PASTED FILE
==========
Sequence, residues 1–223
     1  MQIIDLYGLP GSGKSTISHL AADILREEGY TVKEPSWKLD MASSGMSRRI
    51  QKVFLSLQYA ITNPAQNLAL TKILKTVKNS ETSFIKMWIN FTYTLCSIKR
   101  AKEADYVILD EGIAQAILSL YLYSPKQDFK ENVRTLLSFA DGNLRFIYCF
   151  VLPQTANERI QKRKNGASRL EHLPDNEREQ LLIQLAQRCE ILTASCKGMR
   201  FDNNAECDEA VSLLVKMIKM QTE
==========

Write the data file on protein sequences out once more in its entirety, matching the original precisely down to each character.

Sequence, residues 1–223
     1  MQIIDLYGLP GSGKSTISHL AADILREEGY TVKEPSWKLD MASSGMSRRI
    51  QKVFLSLQYA ITNPAQNLAL TKILKTVKNS ETSFIKMWIN FTYTLCSIKR
   101  AKEADYVILD EGIAQAILSL YLYSPKQDFK ENVRTLLSFA DGNLRFIYCF
   151  VLPQTANERI QKRKNGASRL EHLPDNEREQ LLIQLAQRCE ILTASCKGMR
   201  FDNNAECDEA VSLLVKMIKM QTE